Sacks are still considered the standard-bearing stat for defensive ends, but we give credit for more than just that in our rankings for 4-3 defensive ends in 2015.
With different responsibilities assigned to defensive ends in a 4-3 defense versus a 3-4 scheme, just like outside linebackers, we’ll separate the two for our rankings.
The 4-3 ends on this list are a mix of elite pass rushers and run stoppers, with the top spot belonging to one that didn’t even make the Pro Bowl but is so good at both rushing the passer and stopping the run we couldn’t ignore him. His sack total doesn’t speak the pressure he gets on the quarterback.
While quarterback sacks are often the measure of a defensive end, Michael Bennett is an all-around end. He had only seven sacks, but he was credited with 53 quarterback hurries by Pro Football Focus, the most among any 4-3 defensive end. He was also a force against the run, one of the best ends in the league at that aspect of the responsibilities. However, his Achilles Heel was penalties – he had 13 of them in 2014. Because of his lack of sacks, he was snubbed from making the Pro Bowl, but we’re giving him credit for his total game here.
Wake wasn’t as strong against the run and in coverage as some of the other 4-3 defensive ends on the list, but he was a force to be reckoned with when it came to pressuring and sacking quarterbacks. He had 11½ sacks, three forced fumbles, and continued his trend of double-digit sacks every other season, which he has done since entering the league in 2009. PFF also credited him with 39 quarterback hurries and gave him the highest overall grade among 4-3 defensive ends because of his pass-rush ability.
Coming off a 19-sack season in 2013, Quinn had “only” 10½ in 2014 for a Rams defense that was surprisingly only middle of the pack in overall defense, run defense and pass defense. Still, Quinn stood out as a Pro Bowler and first-team All-Pro that had 46 tackles and five forced fumbles, which is becoming a trademark of the 2011 first-round pick.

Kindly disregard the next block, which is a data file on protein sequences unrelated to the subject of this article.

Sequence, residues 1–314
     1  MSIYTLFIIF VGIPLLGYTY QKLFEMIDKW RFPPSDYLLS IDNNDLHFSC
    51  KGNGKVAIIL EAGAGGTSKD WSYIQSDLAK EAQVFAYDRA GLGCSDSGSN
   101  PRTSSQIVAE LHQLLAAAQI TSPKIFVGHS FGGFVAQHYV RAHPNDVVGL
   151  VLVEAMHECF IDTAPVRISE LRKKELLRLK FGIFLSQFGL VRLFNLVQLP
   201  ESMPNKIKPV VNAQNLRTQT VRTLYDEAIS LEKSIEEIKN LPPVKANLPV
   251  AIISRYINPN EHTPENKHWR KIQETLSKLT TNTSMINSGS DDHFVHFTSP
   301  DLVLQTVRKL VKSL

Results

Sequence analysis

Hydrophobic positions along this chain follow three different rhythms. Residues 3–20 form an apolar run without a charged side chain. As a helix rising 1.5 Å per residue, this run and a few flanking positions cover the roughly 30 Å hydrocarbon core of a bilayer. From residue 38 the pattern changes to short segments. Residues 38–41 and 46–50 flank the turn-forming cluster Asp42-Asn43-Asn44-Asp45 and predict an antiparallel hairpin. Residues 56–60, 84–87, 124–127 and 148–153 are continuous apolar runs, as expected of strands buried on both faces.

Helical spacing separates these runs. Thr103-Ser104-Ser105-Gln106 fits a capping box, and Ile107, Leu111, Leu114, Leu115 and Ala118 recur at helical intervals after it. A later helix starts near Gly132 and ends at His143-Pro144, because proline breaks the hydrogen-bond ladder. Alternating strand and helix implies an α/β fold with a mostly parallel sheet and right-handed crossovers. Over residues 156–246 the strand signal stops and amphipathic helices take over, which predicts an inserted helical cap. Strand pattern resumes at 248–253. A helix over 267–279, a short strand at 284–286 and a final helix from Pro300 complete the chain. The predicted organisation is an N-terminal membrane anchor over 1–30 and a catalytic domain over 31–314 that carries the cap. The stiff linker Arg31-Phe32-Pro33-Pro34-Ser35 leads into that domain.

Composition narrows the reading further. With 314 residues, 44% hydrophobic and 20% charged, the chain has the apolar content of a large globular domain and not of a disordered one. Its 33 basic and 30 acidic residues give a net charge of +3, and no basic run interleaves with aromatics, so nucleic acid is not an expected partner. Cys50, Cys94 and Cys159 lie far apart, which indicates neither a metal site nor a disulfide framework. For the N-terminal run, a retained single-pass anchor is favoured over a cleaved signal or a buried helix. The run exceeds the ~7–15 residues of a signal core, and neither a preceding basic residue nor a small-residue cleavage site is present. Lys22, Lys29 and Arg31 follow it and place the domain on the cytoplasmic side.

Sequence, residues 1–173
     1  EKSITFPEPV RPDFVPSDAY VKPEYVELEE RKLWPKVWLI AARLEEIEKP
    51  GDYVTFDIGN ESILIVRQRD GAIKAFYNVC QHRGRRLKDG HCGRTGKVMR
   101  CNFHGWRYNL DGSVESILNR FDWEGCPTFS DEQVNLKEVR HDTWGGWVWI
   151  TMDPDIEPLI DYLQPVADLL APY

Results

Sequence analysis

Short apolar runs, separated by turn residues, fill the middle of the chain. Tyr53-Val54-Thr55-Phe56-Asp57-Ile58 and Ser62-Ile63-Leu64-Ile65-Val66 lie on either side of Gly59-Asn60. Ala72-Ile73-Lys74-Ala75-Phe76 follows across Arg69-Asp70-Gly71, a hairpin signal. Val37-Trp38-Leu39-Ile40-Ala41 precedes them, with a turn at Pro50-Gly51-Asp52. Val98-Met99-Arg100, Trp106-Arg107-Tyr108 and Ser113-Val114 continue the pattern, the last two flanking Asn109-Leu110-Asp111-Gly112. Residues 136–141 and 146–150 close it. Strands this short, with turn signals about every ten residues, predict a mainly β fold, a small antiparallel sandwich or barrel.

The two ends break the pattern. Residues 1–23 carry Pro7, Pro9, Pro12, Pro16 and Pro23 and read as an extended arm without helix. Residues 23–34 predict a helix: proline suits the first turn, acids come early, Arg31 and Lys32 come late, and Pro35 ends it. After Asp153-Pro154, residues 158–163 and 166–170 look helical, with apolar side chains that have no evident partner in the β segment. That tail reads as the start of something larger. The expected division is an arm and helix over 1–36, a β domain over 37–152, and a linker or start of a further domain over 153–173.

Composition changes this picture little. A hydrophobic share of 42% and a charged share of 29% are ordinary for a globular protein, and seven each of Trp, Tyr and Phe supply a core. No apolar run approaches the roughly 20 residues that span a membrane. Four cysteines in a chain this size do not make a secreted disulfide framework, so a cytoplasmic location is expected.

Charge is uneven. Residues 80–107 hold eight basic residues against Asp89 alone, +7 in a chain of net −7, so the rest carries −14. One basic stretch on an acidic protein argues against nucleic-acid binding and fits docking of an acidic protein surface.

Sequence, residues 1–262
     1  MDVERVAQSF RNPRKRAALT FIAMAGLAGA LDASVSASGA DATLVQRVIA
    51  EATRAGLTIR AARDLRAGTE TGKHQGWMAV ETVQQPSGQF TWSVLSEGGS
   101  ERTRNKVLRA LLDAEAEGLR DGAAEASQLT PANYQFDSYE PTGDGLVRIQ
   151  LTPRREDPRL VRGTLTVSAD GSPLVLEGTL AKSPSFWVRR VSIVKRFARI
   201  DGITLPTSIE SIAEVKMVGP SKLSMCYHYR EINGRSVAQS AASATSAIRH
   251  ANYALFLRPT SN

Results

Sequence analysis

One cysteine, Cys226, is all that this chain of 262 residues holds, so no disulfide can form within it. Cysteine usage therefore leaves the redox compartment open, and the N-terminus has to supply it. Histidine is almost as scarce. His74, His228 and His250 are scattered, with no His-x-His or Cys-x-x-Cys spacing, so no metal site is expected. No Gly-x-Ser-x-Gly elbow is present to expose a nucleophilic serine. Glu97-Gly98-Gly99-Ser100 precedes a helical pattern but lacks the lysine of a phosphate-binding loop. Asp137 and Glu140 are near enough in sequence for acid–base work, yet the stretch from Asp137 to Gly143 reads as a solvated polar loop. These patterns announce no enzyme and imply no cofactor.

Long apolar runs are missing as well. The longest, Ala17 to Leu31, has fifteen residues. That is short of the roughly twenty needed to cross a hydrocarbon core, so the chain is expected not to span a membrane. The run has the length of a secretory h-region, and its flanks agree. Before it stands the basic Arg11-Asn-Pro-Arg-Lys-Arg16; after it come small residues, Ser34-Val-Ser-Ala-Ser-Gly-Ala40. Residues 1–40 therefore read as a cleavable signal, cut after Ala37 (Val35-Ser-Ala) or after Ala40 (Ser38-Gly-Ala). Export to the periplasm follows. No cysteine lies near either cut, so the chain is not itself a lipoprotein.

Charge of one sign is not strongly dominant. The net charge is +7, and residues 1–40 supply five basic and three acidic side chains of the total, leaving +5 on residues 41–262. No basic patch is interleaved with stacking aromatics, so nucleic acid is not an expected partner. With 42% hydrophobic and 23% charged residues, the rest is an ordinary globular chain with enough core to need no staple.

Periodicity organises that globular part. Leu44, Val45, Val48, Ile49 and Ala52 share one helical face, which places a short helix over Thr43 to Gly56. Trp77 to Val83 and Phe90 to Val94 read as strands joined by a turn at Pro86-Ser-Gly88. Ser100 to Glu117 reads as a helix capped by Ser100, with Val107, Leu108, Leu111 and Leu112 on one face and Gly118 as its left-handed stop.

Pierre-Paul was third among defensive linemen and first among 4-3 defensive ends with 14½ sacks in 2014, but he might be even better against the run than he is rushing the passer, with 54 tackles. He also forced three fumbles and recovered one, but he is also the highest paid 4-3 end, earning an average of $14.8 million per season. Entering a contract year, big things could be in store in his sixth NFL season. A fireworks accident over the Fourth of July weekend caused burns to his hand and three fingers, but they are considered serious enough to alter his outlook for 2015.
Griffen brings incredible athleticism to the position and took full advantage of his first opportunity to be a starter. He had 12 sacks (fourth among NFL defensive linemen) and was one of only a handful of 4-3 defensive ends to play 900 snaps. His 40 quarterback hurries was fifth among 4-3 ends, but his 11 penalties was third, meaning discipline is still something he needs to work on as he tries to get a jump on the snap count. Still, if he can build on his first season as a starter, he should garner serious Pro Bowl consideration in 2015.
Honorable mention: Junior Galette
, Robert Ayers
, Ezekiel Ansah
, Charles Johnson
, Cliff Avril
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